View Full Version : Question on Scientific American

2006-Oct-31, 07:14 PM
I ran across this statement:

..for five years, the editors of Scientific American refused to acknowledge the aviation achievements of the Wright brothers because the magazine had been told by trusted authorities that manned, heavier-than-air flight was a scientific impossibility

Is this correct?

2006-Oct-31, 07:33 PM
Doesn't sound like it. There's a skeptical article from SciAm dated 1905 reprinted here (http://invention.psychology.msstate.edu/inventors/i/Wrights/library/WrightSiAm1.html), but the impossibility of the flights doesn't appear to be at issue.

Also a recent SciAm article here (http://www.sciam.com/article.cfm?chanID=sa006&colID=1&articleID=000E2A9A-2E05-1FA8-AE0583414B7F0000):

Unfortunately, until they felt sure of the sale of their perfected machine, their secretiveness invited skepticism from Scientific American and other publications of the day and left them underappreciated by their peers and the general public.

2006-Oct-31, 07:48 PM
From Scientific American's 50 and 100 Years Ago column, August 1993 (http://www.sciamdigital.com/index.cfm?fa=Products.ViewIssuePreview&ARTICLEID_CHAR=2DA3AF79-988A-4E2E-8815-FDB0FC006B1), echoing August 1943,

AUGUST 1943 In a combative, newly-published book, 'The Wright Brothers, a Biography Authorized by Orville Wright,' Fred C. Kelly demonstrates what is incontestably true--that it took the editor of Scientific American a long time to come to the point of believing that claims for the early Wright flights were truthful. Nearly three years elapsed between the Wrights' first powered flight and this magazine's full acknowledgement, in the number for December 15, 1906, of 'their epoch-making invention of the first successful flying machine.' In an age of publicity writers this slowness will be difficult to grasp.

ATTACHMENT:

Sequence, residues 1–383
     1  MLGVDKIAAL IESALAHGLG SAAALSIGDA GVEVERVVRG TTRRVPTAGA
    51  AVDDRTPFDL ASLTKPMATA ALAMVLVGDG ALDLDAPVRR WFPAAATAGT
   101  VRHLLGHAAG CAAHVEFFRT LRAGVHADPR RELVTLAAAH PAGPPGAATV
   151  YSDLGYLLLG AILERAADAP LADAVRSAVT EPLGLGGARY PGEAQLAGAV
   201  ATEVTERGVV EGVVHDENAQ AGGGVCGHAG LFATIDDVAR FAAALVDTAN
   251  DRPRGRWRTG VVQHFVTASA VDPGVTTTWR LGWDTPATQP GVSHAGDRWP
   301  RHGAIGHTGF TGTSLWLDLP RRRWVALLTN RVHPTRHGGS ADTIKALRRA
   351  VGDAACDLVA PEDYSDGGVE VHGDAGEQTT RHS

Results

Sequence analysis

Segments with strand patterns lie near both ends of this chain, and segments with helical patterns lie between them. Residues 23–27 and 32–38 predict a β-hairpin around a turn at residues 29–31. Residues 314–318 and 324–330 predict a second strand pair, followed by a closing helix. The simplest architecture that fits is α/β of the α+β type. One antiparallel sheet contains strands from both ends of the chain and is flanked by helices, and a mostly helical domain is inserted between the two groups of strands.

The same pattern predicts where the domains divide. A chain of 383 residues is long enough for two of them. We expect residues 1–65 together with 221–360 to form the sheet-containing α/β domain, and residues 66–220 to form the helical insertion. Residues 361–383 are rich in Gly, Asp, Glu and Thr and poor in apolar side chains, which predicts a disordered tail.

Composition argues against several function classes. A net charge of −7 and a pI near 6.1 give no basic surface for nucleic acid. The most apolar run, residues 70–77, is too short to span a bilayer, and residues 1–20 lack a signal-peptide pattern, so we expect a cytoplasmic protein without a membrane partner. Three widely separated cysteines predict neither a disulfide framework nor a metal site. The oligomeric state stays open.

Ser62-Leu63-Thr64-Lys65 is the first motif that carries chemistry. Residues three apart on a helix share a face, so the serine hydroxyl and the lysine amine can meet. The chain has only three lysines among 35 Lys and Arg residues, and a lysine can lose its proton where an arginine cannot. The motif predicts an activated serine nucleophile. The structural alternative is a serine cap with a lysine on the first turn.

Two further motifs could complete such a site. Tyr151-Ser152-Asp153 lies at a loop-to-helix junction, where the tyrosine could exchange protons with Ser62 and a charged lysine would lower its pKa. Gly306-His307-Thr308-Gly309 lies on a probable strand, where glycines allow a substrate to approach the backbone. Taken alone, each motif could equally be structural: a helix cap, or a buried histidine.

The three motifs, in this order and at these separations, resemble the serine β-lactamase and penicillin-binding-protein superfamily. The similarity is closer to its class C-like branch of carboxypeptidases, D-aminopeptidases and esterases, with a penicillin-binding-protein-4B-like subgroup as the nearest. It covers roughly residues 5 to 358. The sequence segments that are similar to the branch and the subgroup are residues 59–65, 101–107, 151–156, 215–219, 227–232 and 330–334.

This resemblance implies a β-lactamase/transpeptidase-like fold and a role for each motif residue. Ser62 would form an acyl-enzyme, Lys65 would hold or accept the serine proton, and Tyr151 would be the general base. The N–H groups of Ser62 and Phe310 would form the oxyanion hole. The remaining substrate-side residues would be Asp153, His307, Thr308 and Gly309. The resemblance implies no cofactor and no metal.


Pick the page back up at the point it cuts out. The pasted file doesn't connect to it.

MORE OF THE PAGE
The issue appears, if you can trust Sci Am itself, to be not some authorities' claims of impossibility, but lack of publicity, lack of confirming witnesses:

The enterprising Dayton reporters obviously weren't so enterprising as our trusting editors believed. It was they, primarily, who kept the Wrights' big news in a vacuum.

Larry Jacks
2006-Oct-31, 07:56 PM
It seems unlikely but it could be true. The gliding flights of Otto Lienthal were manned, heavier than air flights, albeit unpowered. Langley failed about the same time the Wrights succeeded at powered, manned heavier than air flights. And in 1906, Alberto Santos-Dumont made the first successful manned, heavier than air flight in Europe.

Doing a little online research, I found a couple articles that seem to confirm your question. Of course, take all of these stories with a grain of caution. Without having access to century old issues of "Scientific American", I can't state for certain if the linked articles are accurate.

From Wikipedia, there's this (http://en.wikipedia.org/wiki/Wright_brothers):

In 1904 Ohio beekeeping businessman Amos Root, a technology enthusiast, saw a few flights including the first circle. Articles he wrote for his beekeeping magazine were the only published eyewitness reports of the Huffman Prairie flights, except for the unimpressive early hop local newsmen saw. Root offered a report to Scientific American magazine, but the editor turned it down. As a result, the news was not widely known outside of Ohio, and was often met with skepticism. The Paris edition of the Herald Tribune headlined a 1906 article on the Wrights "FLYERS OR LIARS?"

In years to come, Dayton newspapers would proudly celebrate the hometown Wright brothers as national heroes, but the local newsmen's ability to overlook one of the biggest stories in human history as it was happening a few miles from their doorstep stands as a unique chapter in the annals of American journalism.

More in line with your question, I also found this (http://www.alternativescience.com/skeptics.htm):